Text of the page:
Clicking around to see what’s new in tech news I came across an article from PCWorld–a resource that I am a prolific contributor to as author of the Net Work column. I saw a post entitled “Office showdown: Microsoft Office 365 vs. Google Apps“. I clicked on it for two reasons: 1) I wrote a very similar article for PCWorld a couple years ago, and 2) I am interested in the new Office 365 Small Business Premium service and wanted to learn more.
This was not PCWorld’s best work.
The article is confusing and misleading. It makes a passing mention of the new Office 365 Small Business Premium service in the third paragraph, and it links to an article I wrote recently comparing the cost of Office 365 vs. Office 2013 within the Word Processing and Collaboration section, but the vast majority of the article is dedicated to comparing Google Docs against Office Web Apps, and talking about them using the old Office 365 Small Business pricing and features.
Anyone can use the Office Web Apps for free–without an Office 365 subscription, so comparing those to Google Docs has nothing to do with the premise of the article–which is supposed to compare Office 365 with Google Docs. In the cost section, it compares Google Docs to the old Office 365 pricing, which will be irrelevant a week from now.
Office 365 Small Business Premium is $150 per user per year. It allows each user to install the full Office 2013 Pro suite of software locally on up to five devices, plus it includes Office On Demand which streams virtualized versions of the full desktop versions of the software to any compatible PC the user logs into. It includes the core Word, Excel, and PowerPoint, as well as OneNote, Outlook, Access, Publisher, InfoPath, and Lync, and the backend servers like Exchange, SharePoint, and Lync.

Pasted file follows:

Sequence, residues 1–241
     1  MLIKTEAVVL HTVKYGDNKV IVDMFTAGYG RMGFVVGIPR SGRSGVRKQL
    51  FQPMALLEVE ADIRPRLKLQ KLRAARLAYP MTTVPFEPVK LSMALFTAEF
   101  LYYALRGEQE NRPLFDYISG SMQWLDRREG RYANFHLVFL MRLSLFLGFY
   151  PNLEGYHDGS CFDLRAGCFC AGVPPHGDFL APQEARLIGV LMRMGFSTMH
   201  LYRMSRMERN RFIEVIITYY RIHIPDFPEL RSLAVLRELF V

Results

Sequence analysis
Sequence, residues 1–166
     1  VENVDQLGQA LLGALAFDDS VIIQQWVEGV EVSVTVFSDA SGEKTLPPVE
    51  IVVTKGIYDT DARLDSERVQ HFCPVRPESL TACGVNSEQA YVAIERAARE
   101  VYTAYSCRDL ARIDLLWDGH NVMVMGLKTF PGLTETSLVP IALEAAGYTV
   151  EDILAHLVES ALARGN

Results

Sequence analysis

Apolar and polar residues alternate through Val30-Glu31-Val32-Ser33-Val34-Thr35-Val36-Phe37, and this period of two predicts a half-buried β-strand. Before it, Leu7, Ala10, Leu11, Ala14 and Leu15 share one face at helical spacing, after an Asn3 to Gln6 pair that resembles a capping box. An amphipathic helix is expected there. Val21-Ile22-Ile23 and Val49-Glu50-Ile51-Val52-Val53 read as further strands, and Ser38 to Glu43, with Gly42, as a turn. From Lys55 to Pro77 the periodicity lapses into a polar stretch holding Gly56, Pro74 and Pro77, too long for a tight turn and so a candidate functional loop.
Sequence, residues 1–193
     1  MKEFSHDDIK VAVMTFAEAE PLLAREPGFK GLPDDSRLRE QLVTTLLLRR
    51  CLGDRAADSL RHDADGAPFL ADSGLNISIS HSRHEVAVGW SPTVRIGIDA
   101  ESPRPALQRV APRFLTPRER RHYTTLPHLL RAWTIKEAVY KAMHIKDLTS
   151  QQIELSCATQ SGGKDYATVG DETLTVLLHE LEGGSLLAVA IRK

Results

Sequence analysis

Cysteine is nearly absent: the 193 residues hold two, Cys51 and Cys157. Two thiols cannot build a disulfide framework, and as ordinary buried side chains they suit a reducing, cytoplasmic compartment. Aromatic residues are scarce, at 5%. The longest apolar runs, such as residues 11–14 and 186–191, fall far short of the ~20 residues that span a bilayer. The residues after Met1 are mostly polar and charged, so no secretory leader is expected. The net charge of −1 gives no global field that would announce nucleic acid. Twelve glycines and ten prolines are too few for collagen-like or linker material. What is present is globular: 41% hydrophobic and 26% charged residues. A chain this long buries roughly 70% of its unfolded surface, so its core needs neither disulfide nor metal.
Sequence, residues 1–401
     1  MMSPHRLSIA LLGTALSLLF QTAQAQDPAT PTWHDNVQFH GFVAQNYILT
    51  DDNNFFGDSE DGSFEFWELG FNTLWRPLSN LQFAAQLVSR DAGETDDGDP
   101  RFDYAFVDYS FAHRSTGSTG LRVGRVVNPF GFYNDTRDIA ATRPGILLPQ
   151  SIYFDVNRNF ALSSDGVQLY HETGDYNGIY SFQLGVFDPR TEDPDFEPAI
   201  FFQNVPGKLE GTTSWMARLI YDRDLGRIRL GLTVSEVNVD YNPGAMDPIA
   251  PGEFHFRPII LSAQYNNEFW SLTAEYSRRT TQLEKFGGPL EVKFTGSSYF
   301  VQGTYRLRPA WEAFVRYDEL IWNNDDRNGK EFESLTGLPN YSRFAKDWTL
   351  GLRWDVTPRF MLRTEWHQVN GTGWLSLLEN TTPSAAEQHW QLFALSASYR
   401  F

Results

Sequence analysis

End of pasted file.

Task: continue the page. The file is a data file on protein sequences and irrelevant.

Google Apps for Business does start at a third of the cost of Office 365 Small Business Premium–it’s $50 per user per year. It includes Docs, Sheets, and Slides–the Google equivalents of Word, Excel, and PowerPoint–along with Gmail and Calendar (Outlook), Google Drive (SkyDrive), and Sites (SharePoint). Google provides video conferencing capabilities similar to Microsoft Lync through Google+.
Functionally, the two are very similar, and Google Apps for Business is a clear winner in the cost department. One key difference, though, is that Google Apps for Business relies on being connected to the Internet. No Internet means no productivity because all of the tools are Web-based. Office 365 Small Business Premium, on the other hand, requires Internet connectivity for some elements–cloud storage on SkyDrive, video conferencing on Lync, streaming Office on Demand to a PC–but the Office 2013 Pro software is installed locally on up to five devices so you still have the most important tools available all the time whether the Internet is there or not.
For some businesses, that may not matter. Or, at least it may not matter enough to pay three times more per year for equivalent capabilities. If cost is a primary consideration, Google Apps for Business is a clear winner. But, Microsoft Office is a superior suite of tools in many ways, and the Office 365 Small Business Premium service offers a lot of value for what it costs.
There are pros and cons for a business to weigh when choosing between these two office productivity offerings, and an article that claims to compare the two would seem like a logical place to start. Unfortunately, the PCWorld article will confuse and mislead you more than inform you. Check out the actual Google Apps for Business and Office 365 sites and compare for yourself. However, don’t bother clicking on the Office 365 for Small Business link until next week, because Office 365 Small Business Premium isn’t out yet, so you’ll just end up going down the same rabbit hole PCWorld apparently followed.
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